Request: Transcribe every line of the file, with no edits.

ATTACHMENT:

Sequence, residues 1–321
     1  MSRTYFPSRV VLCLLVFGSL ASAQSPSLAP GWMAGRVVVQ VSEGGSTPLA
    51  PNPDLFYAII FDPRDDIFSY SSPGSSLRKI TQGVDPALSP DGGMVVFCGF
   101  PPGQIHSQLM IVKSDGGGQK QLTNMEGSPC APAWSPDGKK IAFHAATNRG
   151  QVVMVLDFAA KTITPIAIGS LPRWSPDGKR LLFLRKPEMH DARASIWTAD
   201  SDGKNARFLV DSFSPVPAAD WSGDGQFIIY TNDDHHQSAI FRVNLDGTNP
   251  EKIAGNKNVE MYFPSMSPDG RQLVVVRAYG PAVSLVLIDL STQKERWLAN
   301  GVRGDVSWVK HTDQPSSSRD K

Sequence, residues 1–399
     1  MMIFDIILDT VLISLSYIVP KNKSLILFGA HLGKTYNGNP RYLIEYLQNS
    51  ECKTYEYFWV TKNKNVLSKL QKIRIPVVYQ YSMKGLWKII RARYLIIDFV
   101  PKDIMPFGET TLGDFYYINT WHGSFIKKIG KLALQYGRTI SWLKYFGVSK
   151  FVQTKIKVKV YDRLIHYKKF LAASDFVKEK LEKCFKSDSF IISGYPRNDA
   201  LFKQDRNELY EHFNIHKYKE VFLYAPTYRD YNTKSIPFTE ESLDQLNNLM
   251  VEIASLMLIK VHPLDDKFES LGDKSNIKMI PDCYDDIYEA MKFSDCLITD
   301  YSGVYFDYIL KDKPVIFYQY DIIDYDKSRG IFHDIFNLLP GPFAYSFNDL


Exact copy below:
Sequence, residues 1–321
     1  MSRTYFPSRV VLCLLVFGSL ASAQSPSLAP GWMAGRVVVQ VSEGGSTPLA
    51  PNPDLFYAII FDPRDDIFSY SSPGSSLRKI TQGVDPALSP DGGMVVFCGF
   101  PPGQIHSQLM IVKSDGGGQK QLTNMEGSPC APAWSPDGKK IAFHAATNRG
   151  QVVMVLDFAA KTITPIAIGS LPRWSPDGKR LLFLRKPEMH DARASIWTAD
   201  SDGKNARFLV DSFSPVPAAD WSGDGQFIIY TNDDHHQSAI FRVNLDGTNP
   251  EKIAGNKNVE MYFPSMSPDG RQLVVVRAYG PAVSLVLIDL STQKERWLAN
   301  GVRGDVSWVK HTDQPSSSRD K

Sequence, residues 1–399
     1  MMIFDIILDT VLISLSYIVP KNKSLILFGA HLGKTYNGNP RYLIEYLQNS
    51  ECKTYEYFWV TKNKNVLSKL QKIRIPVVYQ YSMKGLWKII RARYLIIDFV
   101  PKDIMPFGET TLGDFYYINT WHGSFIKKIG KLALQYGRTI SWLKYFGVSK
   151  FVQTKIKVKV YDRLIHYKKF LAASDFVKEK LEKCFKSDSF IISGYPRNDA
   201  LFKQDRNELY EHFNIHKYKE VFLYAPTYRD YNTKSIPFTE ESLDQLNNLM
   251  VEIASLMLIK VHPLDDKFES LGDKSNIKMI PDCYDDIYEA MKFSDCLITD
   301  YSGVYFDYIL KDKPVIFYQY DIIDYDKSRG IFHDIFNLLP GPFAYSFNDL